Exploiting the Potential of Indigenous Agroforestry Trees: Parkia biglobosa and Vitellaria paradoxa in Sub-Saharan Africa
This article reviews the agroforestry potential of two native African savanna trees, Parkia biglobosa (locust bean) and Vitellaria paradoxa (shea).
Conclusions & Takeaways
Parkia biglobosa, known locally as néré, is a tree used in savanna agroforestry systems for oil, spices, edible seeds, and medicine; it is also a legume and grows well in association with other crops, as it can enhance soil fertility. Studies have found that this species has high genetic variation across a large geographic distribution in the Sahel zone of Africa. It is most commonly pollinated by bats. Vitellaria paradoxa is known locally as karaté, and is popular for the high oil content in its seeds, which can be collected from wild trees in addition to being cultivated and exported for cosmetics (shea butter). It replaces oil palm in dryer savanna regions. Vitellaria paradoxa is bee pollinated, but may be pollinator limited, as natural reproduction is low in many sites. Both of these species are diminishing in numbers- indigenous parkland agroforestry users sometimes do not have tenure, so they are not incentivized to plant. Agroforestry plantings works with some crops, but reduces yields of light demanding sorghum and millet. Hand pollination can promote regeneration, but seed reproduction is slow and difficult because fruits and seeds are harvested. Vegetative reproduction is possible with cuttings, tissue culture, air layering, and grafting techniques.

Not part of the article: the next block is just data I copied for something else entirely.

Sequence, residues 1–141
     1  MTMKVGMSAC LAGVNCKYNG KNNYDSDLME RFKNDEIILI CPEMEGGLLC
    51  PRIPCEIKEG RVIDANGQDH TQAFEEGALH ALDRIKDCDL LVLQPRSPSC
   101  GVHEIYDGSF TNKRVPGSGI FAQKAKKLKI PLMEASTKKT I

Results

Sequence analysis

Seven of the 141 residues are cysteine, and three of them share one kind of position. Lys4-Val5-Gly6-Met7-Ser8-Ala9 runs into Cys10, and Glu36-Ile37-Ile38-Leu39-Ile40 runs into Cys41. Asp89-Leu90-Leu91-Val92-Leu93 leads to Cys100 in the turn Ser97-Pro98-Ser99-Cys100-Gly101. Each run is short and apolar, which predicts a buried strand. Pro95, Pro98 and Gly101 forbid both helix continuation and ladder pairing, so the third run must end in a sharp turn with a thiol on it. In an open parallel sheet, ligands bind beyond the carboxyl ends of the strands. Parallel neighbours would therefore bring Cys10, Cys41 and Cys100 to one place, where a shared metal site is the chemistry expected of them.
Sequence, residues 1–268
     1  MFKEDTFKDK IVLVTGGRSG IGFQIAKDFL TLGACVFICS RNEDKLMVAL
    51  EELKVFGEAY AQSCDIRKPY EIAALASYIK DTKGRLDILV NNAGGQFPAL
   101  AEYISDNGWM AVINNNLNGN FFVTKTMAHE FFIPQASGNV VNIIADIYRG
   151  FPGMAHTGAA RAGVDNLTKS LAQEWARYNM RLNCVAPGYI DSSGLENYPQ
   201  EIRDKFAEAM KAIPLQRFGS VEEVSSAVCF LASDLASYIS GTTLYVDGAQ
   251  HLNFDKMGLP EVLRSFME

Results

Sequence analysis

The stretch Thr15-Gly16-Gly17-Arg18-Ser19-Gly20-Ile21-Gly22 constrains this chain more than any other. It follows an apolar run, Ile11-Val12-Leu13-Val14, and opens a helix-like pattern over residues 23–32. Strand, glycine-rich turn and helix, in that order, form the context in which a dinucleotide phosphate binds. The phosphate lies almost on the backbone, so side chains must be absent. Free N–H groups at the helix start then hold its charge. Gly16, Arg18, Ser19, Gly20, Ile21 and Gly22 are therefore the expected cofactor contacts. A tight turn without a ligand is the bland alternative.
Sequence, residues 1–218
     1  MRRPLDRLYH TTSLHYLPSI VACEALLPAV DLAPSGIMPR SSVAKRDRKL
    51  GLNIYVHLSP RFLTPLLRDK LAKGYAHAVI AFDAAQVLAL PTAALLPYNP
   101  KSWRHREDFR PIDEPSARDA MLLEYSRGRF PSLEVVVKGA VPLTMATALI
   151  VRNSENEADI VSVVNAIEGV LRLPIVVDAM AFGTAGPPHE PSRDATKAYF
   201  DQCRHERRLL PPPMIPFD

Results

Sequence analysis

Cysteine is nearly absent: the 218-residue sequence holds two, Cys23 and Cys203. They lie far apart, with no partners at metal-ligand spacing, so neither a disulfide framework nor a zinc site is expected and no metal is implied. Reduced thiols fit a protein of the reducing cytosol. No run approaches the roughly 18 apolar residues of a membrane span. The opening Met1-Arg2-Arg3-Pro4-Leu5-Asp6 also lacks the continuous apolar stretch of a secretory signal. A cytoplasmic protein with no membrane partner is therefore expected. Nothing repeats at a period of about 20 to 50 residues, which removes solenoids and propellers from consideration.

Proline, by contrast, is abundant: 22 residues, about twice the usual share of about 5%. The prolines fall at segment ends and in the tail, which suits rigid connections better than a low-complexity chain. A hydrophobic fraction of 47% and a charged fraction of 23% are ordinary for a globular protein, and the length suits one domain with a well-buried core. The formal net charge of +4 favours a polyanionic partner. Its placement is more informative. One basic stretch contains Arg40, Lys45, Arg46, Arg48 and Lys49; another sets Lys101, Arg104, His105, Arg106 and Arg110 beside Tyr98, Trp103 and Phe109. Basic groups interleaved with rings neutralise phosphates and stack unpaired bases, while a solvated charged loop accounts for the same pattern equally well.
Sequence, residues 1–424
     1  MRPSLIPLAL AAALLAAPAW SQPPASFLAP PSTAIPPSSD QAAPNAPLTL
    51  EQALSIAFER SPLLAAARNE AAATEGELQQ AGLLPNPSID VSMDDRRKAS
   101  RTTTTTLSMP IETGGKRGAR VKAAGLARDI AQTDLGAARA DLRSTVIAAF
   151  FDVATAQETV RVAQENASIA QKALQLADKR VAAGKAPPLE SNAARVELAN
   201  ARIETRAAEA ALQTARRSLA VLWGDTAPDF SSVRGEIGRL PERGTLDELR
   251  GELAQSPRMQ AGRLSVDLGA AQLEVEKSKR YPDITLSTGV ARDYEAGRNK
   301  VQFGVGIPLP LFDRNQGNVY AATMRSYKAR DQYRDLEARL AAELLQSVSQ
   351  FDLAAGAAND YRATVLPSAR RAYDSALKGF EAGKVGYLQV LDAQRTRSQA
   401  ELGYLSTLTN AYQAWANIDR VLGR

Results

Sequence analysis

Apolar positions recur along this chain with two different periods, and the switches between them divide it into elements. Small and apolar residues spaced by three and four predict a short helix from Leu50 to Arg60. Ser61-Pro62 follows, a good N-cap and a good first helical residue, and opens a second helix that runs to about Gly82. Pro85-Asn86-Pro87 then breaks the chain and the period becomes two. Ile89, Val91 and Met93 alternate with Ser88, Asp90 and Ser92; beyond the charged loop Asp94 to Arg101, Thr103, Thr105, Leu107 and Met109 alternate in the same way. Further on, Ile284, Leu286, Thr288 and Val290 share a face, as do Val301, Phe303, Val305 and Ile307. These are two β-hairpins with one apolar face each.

Exploiting the potential of indigenous agroforestry trees: Parkia biglobosa and Vitellaria paradoxa in sub-Saharan Africa. Agroforestry Systems. 2004;61-62:207–220. doi:10.1023/b:agfo.0000029000.22293.d1..
- School of Agricultural and Forest Sciences, University of Wales, Bangor, UK